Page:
Motorcycle Test Reported To Be In Crisis

December 9, 2010

Now don’t get me wrong, I know there are fewer people taking their bike test since the new one was bought out but I do have issues with the way this is being reported.  Here is the article as it’s being reported online on the Motorcycle News website.

A crisis hitting the number of people taking the motorcycle test is even deeper than previously feared, latest figures show.

Eighteen months after a new Europe-wide test was introduced, the number of people taking it was still barely half the former level.

When bookings dropped drastically following the changeover last year, the Driving Standards Agency said it was temporary and demand would “settle at usual levels again in 2010/11”.

But new DSA figures point to a long-term decline.

In the 16 months leading up to the introduction of the new exam in April 2009, 130,498 people took the old test, a rate of 8156 a month.

But in the 18 months following the changeover, only 73,508 people completed the new test, 4083 a month and almost half the earlier rate.

The Government is conducting a review of the test, which was originally intended to reach conclusions by autumn.

Roads minister Mike Penning said: “The review of the motorcycle test is a top priority for me because I want to make sure that we have a test which prepares bikers properly for the road.

“We have been working with the motorcycle training industry and others to make sure that we are taking all views into account and we will report on findings as soon as possible.”

My problem is in the way these figures are being presented (sorry MCN).

As a lot of you know, the new test was originally scheduled to start in September 2008 but, because of bungling incompetance, so few of the new test centres were ready for use, the implementation of the test was put back about 6 months.  In the lead up to September 2008 thousands upon thousands of people decided to get their bike licence under the old test regime and so booked lessons and their test.  I should know,  I was one of them!!!  I took one look at the new test and thought “S*d that!!!”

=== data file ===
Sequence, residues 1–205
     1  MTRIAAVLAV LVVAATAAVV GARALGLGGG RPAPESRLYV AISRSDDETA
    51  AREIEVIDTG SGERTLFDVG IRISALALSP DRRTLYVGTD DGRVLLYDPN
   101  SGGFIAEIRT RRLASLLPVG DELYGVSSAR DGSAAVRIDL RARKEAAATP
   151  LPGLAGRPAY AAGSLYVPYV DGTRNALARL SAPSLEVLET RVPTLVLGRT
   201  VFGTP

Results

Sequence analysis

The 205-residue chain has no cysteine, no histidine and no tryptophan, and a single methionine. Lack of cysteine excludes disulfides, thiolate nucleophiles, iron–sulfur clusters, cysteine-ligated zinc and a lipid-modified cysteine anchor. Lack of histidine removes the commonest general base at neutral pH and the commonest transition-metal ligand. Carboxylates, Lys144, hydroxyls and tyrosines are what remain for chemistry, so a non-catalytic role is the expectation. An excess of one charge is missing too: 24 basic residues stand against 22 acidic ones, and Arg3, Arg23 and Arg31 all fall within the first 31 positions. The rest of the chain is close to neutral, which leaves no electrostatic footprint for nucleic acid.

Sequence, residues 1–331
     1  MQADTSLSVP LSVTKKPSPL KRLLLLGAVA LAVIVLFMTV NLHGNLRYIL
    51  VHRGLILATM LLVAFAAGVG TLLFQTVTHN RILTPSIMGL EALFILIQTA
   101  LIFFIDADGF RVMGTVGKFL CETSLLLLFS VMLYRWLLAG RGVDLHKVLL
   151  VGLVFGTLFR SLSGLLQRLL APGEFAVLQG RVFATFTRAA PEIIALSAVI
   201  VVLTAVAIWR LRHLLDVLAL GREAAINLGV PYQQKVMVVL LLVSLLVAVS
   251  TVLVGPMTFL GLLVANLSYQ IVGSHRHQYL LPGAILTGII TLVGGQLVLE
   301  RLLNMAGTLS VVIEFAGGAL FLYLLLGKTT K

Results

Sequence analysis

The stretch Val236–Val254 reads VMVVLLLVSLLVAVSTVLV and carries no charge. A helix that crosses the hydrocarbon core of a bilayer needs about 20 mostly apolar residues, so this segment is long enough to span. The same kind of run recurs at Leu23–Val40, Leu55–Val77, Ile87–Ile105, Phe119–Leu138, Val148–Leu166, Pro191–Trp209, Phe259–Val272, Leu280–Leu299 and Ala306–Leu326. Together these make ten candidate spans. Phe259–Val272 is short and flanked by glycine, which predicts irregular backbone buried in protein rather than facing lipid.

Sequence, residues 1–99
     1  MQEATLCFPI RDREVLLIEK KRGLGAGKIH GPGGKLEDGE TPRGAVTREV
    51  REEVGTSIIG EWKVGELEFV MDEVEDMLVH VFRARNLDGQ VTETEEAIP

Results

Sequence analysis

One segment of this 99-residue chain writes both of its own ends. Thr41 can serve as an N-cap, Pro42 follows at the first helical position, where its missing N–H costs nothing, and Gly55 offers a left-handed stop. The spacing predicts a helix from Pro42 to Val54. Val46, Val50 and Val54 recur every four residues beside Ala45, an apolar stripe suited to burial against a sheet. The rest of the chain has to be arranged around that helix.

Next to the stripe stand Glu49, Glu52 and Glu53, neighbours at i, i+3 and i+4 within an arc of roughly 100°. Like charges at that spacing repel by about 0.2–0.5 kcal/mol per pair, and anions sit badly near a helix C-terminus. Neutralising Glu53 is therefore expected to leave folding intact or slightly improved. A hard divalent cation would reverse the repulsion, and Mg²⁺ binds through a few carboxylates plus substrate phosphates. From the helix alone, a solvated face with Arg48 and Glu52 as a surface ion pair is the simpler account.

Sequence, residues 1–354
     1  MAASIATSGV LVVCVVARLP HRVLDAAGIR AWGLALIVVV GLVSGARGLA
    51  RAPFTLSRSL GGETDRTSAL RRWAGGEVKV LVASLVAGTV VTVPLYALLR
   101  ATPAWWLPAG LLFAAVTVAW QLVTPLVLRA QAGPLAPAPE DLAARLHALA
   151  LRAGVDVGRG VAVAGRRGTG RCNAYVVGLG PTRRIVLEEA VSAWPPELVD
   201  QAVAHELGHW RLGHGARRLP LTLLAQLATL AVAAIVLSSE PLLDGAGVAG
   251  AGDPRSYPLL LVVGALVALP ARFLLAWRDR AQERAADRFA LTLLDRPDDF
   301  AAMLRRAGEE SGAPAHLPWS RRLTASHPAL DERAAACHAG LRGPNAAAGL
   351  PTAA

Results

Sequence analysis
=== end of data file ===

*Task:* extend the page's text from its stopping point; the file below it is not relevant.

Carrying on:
During 2008, riding schools all over the country were inundated with trainees learning to ride, which definately skews the figures somewhat, as in a normal riding year fewer people would be taking their test.  Then the test was put back 6 months so that more of the new test centres could be made ready, and those who thought they had missed the original deadline were given a life line and once again the riding schools were booked solid, even though it was winter

According to the DSA  some 130,498 people took their test in the 18 months leading up to the change of test.  I’m pretty damn certain a sizeable number of those were riders who wanted to take the old style test and not the new one.

Now, since the new test started 18 months ago the DSA say that just 73,508 people have taken it, a drop of almost 50% on the previous figures.

BUT…… Seeing as the figures from September 2007 until April 2009 are hardly indicative of the number of people taking their bike test during a ‘normal’ 16 month period, I don’t see how they can be reliably compared with those from May 2009 up until late 2010.

Unless of course you’re attempting to make things look worse than they are 😉

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New Motorcycle Test Under Fire After Series Of Accidents

May 27, 2009

Motorcycle L-Plate The government and the DSA is under increasing pressure to rethink the new motorcycle test after a series of accidents in it’s first few weeks.

On the very first day one young man, in South Yorkshire, suffered a broken arm after crashing while trying to slow in the wet immediately following the new ‘swerve’ manoeuvre, and since then 14 more accidents have been reported.  There was one additional, as yet unreported, accident yesterday when a young lady training at my old bike school also fell off doing the same manoeuvre.  Luckily she was not hurt but was shaken up and bruised.

Instructors, and bikers who have emailed the BBC, have said that trying to perform such a manoeuvre at 31.2 mph (50 kph), while possibly suffering from test nerves, is dangerous, especially when performed on a wet surface.